Polygamy, Endogamy and Fumarase deficiency.




Original Question


Q ( B-08 ) ¨ The deficit of enzymes of the TCA cycle is rare, indicating the importance of this pathway for survival. Several cases, however, are on record in which there is a severe deficiency of the enzyme that catalyzes the interconversion between fumarate and malate.  The patient is characterized by severe neurological impairment, encephalomyopathy, and dystonia developing soon after birth. Urine contains abnormal amounts of fumarate and other metabolites of Krebs Cycle. Which of the above enzymes would be deficient?



A ( B-08 ): (d) fumarase (aka fumarate hydratase deficiency)



The twin border communities of Hildale, Utah, and Colorado City, Arizona, have the highest prevalence of known fumarase deficiency cases. And around half the world population of known fumarase deficiency patients have been found in Arizona (Birth Defect is plaguing children in FLDS towns)


Hildale, Utah:




Colorado City, Arizona:







Because of the existence of two closed communities in this area, founded by fundamental polygamist whose families are very inbreeded. In fact, it should be noted that it was not the polygamy which produces this high prevalence of the fumarase deficiency, as could be understood from some press reports, but the fact that this polygamy occurred in a closed population and with a high endogamic behavior. Apparently the founders had a recessive gen for the fumarate deficiency and the marriage among relatives of these two families, or among relatives in the same family, produced the high prevalence of this genetic  disease.


For more information about the history of these communities and the prevalence of fumarase deficiency in them, follow these links:


Polygamist community faces rare genetic disorder



Tracing the Polygamist’s Family Tree






More information about Fumarase deficiency:


Kerrigan, J.F. et al: Fumaric aciduria: clinical and imaging features.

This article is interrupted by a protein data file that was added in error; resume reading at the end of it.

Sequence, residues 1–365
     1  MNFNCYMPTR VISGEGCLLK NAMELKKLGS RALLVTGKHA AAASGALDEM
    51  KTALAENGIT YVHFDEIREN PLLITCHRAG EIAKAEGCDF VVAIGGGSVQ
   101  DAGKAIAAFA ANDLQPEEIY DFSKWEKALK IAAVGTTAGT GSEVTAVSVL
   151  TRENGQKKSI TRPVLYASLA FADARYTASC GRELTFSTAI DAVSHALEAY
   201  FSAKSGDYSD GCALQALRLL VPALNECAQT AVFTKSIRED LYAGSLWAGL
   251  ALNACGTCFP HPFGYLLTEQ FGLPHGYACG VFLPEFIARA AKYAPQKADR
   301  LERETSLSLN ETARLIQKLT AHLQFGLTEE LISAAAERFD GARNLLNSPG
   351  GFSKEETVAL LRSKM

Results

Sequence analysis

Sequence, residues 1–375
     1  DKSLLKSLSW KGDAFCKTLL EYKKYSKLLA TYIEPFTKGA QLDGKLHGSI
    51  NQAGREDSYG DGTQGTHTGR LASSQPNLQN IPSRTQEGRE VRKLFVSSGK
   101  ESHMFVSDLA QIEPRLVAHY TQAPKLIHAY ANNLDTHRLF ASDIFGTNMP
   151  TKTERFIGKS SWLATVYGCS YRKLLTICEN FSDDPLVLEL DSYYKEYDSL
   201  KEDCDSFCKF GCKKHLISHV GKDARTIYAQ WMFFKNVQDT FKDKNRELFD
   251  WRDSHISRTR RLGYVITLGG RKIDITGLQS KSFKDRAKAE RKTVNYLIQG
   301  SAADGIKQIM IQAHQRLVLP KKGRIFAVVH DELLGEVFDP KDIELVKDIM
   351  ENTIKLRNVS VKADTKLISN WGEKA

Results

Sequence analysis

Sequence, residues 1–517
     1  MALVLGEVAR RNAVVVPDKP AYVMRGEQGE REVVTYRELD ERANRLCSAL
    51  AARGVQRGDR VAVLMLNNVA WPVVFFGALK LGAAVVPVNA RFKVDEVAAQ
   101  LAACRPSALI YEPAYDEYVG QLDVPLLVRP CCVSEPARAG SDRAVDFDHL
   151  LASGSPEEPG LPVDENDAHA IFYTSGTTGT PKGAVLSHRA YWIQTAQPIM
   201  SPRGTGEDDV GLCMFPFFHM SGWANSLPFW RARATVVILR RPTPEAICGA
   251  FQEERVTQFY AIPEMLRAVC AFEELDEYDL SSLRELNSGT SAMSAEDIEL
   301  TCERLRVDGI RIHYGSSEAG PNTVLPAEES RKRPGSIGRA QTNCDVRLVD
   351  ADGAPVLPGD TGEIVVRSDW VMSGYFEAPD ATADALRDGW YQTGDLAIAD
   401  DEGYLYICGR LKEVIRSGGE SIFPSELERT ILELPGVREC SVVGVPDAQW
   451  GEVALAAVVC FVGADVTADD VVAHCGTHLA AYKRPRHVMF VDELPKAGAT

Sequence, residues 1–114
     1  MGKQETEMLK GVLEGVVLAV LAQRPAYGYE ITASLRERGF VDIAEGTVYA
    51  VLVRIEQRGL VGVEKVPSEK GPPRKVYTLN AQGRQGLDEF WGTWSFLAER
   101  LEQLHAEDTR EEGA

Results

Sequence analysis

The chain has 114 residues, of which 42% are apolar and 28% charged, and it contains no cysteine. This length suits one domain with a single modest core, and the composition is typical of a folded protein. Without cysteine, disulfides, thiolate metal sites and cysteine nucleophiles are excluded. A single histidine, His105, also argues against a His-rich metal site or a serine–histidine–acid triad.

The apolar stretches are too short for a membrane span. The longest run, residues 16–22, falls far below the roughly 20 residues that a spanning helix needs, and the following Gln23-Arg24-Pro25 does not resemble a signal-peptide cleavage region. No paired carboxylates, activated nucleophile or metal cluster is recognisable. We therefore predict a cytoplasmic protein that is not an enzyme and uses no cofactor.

Genetics Home reference: Fumarase deficiency



3 thoughts on “Polygamy, Endogamy and Fumarase deficiency.

  1. My 2 year old daughter has fumarase deficiency. I do want everyone to know that this is an autosomal recessive disease. Although the disease can be passed on through imbreeding , like the cases in Utah, imbreeding is not the only way to get the disease. My husband and I are in no way related. My daughter carries two different mutations on chromosome 1, which gave her the disease. We know of several other cases, none of which the children’s parents are related. I feel like this disease has been labeled the “imbreeding disease” just because of this community in Utah, and that is just not the case. It is the exact same as any other autosomal recessive disease or trait. Blue eyes is an autosomal recessive trait. If two parents both carry the trait for blue eyes, the child just may have blue eyes. I hate that the FLDS is spreading around this trait for the disease, but the disease is not caused by the imbreeding itself, but the trait that is being passed around. Unfortunately my husband and I, and several other families had no idea that we each carried a mutated trait until our daughter was diagnosed. Each person carries several mutated traits, but would never know it unless they met up and married someone that would happen to carry the same or another mutated trait on the same chromosome. I really hope that the bad reputation that this disease carries does not stop research or effort to find a cure. It is so unfortunate to the children like mine that just feel into bad luck with their genes and the only information put out there are articles that have to talk about the polygamy side. There are several of them out there. Please understand that this is not an “imbreeding disease.”

    • You are absolutely right. It happens with all autosomal recessive disease. Of course, the probability that the disease occurs is higher is there is a recessive gen running in a family, and relatives marry, but it does not means that it is the only way in which it can happens.

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